When Faith Falters Part 3
by John Lowe
(Laurens SC, USA)
When our faith falters and we take things into our own hands, you can be assured that our problems will not be solved.
We only exchange one challenging circumstance for another challenging circumstance.
The greatest enemy to the life of faith is unhealthy fear.
Fear can either draw us closer to God or draw us far from God.
It is the latter that is the greatest enemy of God.
When fear begins to draw us away from God it does so by speaking louder than the promises of God.
When fear speaks louder than the Father then we will be tempted to take things into our own hands.
When we take things into our own hands we will do things in the flesh.
All of this is a result of fear that causes our faith to falter.
But all is not lost when our faith falters.
We must also realize that when our faith falters we can be assured that our faithful God will not.
In verse seventeen we see the faithful Lord intervening when Abram’s faith falters.
Here’s what it says, “But the Lord sent a terrible plague upon Pharaoh's household on account of her being there.”
“But the Lord…”
Those three words are a declaration of God’s faithfulness.
In fact, this story of Abram’s faltering faith is more about a faithful God than it is about a faithless servant.
Although Abram’s faltering faith would jeopardize the promise of God, God’s faithfulness to his word would bring the promise about.
In making sure that His promise would be fulfilled, we see God’s faithfulness revealed in three different ways.
The first thing we see is God’s faithfulness to intervene and discipline the faltering faith.
Our passage stated, “But the Lord struck Pharaoh and his house with great plagues because of Sarai, Abram’s wife. Then Pharaoh Called Abram and said, ‘What is this you have done to me? Why did you not tell me that she was your wife? Why did you say, ‘She is my sister,’ so that I took her for my wife?’”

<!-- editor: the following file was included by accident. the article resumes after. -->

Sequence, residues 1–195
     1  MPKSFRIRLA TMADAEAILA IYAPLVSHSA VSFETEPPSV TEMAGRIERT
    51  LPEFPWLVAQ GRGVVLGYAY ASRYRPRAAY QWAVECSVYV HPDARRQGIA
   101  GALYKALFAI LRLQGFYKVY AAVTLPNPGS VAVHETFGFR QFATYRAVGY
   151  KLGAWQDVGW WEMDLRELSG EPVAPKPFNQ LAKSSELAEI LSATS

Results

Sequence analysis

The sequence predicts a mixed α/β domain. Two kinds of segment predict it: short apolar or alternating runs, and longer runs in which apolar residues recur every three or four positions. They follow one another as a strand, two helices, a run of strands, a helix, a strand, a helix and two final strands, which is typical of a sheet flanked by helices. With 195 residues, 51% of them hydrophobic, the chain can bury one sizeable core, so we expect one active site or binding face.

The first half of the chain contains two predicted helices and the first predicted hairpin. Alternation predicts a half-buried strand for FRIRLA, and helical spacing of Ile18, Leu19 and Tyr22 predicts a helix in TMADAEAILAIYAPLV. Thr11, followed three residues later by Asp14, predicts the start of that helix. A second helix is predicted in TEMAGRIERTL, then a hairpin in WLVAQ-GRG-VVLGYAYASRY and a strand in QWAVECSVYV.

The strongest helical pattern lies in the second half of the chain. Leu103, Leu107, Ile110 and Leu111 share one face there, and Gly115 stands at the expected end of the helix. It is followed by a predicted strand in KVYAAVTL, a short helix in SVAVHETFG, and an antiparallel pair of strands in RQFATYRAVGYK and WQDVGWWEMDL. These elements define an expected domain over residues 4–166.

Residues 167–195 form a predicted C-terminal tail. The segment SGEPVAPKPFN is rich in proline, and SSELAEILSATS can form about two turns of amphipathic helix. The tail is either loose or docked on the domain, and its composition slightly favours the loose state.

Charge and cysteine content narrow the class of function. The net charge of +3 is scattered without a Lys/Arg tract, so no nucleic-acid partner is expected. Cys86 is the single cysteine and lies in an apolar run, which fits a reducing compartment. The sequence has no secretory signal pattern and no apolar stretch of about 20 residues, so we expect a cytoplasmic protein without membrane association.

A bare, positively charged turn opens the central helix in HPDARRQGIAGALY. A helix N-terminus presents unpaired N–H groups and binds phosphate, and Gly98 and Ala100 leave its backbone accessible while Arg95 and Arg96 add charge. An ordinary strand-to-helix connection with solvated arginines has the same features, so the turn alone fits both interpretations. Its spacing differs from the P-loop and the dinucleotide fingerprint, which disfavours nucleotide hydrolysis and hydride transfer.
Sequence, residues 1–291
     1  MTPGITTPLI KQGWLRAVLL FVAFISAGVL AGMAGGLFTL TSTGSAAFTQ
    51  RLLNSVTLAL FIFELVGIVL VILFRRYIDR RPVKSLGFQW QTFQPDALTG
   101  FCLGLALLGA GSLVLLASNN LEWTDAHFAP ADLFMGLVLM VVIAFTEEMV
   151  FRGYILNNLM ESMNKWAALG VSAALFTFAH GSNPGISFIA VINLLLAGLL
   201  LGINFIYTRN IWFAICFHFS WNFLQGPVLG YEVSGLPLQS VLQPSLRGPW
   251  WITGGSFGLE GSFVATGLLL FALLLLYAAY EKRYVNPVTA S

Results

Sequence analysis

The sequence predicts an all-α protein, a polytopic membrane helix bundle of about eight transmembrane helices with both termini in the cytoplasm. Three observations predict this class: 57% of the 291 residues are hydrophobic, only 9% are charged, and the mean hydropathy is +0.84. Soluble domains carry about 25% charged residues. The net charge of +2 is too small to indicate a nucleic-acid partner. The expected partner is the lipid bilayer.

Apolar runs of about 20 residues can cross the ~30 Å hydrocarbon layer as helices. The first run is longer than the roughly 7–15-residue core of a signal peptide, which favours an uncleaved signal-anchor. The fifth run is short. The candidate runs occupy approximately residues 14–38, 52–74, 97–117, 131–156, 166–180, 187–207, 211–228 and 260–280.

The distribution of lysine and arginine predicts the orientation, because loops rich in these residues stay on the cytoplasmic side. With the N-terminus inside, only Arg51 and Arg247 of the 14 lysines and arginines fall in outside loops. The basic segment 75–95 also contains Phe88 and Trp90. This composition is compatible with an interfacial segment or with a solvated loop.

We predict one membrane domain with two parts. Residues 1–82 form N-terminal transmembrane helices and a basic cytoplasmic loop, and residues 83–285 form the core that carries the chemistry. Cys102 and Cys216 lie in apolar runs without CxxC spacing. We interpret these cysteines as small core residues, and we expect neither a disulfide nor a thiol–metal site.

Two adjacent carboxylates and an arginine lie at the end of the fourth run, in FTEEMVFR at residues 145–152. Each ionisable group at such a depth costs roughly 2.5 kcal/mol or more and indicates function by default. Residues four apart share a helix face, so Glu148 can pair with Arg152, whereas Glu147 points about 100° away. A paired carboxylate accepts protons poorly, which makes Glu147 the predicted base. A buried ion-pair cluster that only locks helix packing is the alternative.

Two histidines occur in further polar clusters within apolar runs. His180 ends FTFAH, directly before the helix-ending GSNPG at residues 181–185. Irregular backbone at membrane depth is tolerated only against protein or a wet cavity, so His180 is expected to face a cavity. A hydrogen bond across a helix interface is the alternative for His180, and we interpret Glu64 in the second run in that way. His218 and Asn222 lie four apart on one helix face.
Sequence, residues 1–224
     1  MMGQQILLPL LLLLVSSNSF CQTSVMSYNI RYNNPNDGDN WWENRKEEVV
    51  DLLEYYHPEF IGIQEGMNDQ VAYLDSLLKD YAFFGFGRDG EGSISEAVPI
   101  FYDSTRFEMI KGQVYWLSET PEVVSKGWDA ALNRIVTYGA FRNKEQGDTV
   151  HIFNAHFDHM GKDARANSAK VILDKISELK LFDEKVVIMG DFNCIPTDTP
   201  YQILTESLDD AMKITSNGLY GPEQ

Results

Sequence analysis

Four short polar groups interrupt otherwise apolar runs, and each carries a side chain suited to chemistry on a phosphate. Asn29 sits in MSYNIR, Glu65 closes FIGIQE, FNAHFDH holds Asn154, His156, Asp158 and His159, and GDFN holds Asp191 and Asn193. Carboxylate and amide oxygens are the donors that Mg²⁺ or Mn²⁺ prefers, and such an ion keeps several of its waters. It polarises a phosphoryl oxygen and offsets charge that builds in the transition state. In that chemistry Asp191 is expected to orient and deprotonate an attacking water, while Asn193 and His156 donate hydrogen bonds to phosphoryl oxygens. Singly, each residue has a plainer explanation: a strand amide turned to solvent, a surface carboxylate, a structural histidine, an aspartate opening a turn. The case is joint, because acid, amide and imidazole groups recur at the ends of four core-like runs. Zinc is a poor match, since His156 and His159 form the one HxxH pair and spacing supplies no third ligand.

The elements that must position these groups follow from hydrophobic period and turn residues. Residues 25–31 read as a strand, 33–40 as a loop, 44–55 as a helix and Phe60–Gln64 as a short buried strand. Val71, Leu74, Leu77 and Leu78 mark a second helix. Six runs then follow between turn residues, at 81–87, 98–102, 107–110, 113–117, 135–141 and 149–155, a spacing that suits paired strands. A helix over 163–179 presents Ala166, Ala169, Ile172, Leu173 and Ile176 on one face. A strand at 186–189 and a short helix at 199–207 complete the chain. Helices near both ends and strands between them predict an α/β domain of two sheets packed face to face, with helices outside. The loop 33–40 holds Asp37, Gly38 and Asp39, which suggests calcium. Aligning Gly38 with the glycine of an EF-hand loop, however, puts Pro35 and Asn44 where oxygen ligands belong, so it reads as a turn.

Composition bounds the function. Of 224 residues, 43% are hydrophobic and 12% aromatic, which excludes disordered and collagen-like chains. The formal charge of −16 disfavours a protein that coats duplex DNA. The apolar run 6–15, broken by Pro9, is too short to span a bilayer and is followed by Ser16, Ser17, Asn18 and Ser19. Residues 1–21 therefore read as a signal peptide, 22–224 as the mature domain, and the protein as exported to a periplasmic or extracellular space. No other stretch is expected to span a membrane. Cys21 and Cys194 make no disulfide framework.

If we are tempted in any way to think that the Lord approves of Abram’s behavior, then these verses should dispel any such notions.
Abram left one challenging circumstance and found himself in another.
It would seem that trouble was on the horizon.
Abram was helpless to be able to save his wife Sarai, but God was not.
God would intervene by first bringing discipline upon Pharaoh and then by using Pharaoh to discipline Abram’s faltering faith.
We are told in verse seventeen that the Lord struck Pharaoh and his house with a plague or disease.
Without any question, Pharaoh understood that the disease was the consequence of taking Sarai into his household.
In the ancient world, the assumption was that when disease or sickness occurred it was always a direct result of displeasure on the part of a god.
The pagan religions saw disease and sickness as a direct result of sin.
The Lord revealed to Pharaoh that Sarai was Abram’s wife and as a result, the Lord struck Pharaoh and his household with a disease.
Pharaoh then calls Abram to him and he begins to rebuke him for his faltering faith, but don’t think for a minute that the source of the rebuke is Pharaoh.
It is the Lord using a pagan ruler to rebuke his servant.
Twice Pharaoh asks Abram why he lied to him.
This rebuke is indicative of just how far out of fellowship with the Lord Abram is.
Before Abram left for Egypt the Lord was speaking to him personally, the Lord was appearing to him, and Abram was worshiping and calling upon the name of the Lord.
But in Egypt the Lord is silent and worship is absent, and the Lord will use an ungodly man to rebuke the man of God.
Listen to Pharaoh’s questions once again, but this time see them as coming from the very mouth of the Lord, “Why did you not tell me she was your wife? Why did you say, ‘She is my sister,’ so that I took her for my wife?”
The Lord is confronting Abram on his faltering faith, and if Abram is honest with God, he would have to say that he lied because his faith faltered back in Canaan.
He lied because he failed to trust God.
In the Promised Land, he took things into his own hands, and he resorted to doing things in the flesh to try to take care of himself; when really all Abram had to do was to trust the Lord in the land of promise.
This rebuke on the part of Pharaoh and ultimately on the part of the Lord is God’s faithfulness to discipline his straying children.
God is intervening in the life of his child because His Word is at stake.